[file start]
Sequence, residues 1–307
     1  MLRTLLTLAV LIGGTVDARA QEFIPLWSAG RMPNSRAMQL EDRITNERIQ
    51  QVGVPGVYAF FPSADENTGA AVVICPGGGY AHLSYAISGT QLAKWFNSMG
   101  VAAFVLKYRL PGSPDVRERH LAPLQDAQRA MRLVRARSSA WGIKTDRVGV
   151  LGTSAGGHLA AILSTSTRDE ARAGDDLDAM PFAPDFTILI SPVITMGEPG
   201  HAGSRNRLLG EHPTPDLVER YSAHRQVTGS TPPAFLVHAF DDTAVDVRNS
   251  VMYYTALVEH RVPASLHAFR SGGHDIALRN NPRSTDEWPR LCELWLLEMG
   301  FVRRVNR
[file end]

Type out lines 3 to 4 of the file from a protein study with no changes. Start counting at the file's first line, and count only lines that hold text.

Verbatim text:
    51  QVGVPGVYAF FPSADENTGA AVVICPGGGY AHLSYAISGT QLAKWFNSMG
   101  VAAFVLKYRL PGSPDVRERH LAPLQDAQRA MRLVRARSSA WGIKTDRVGV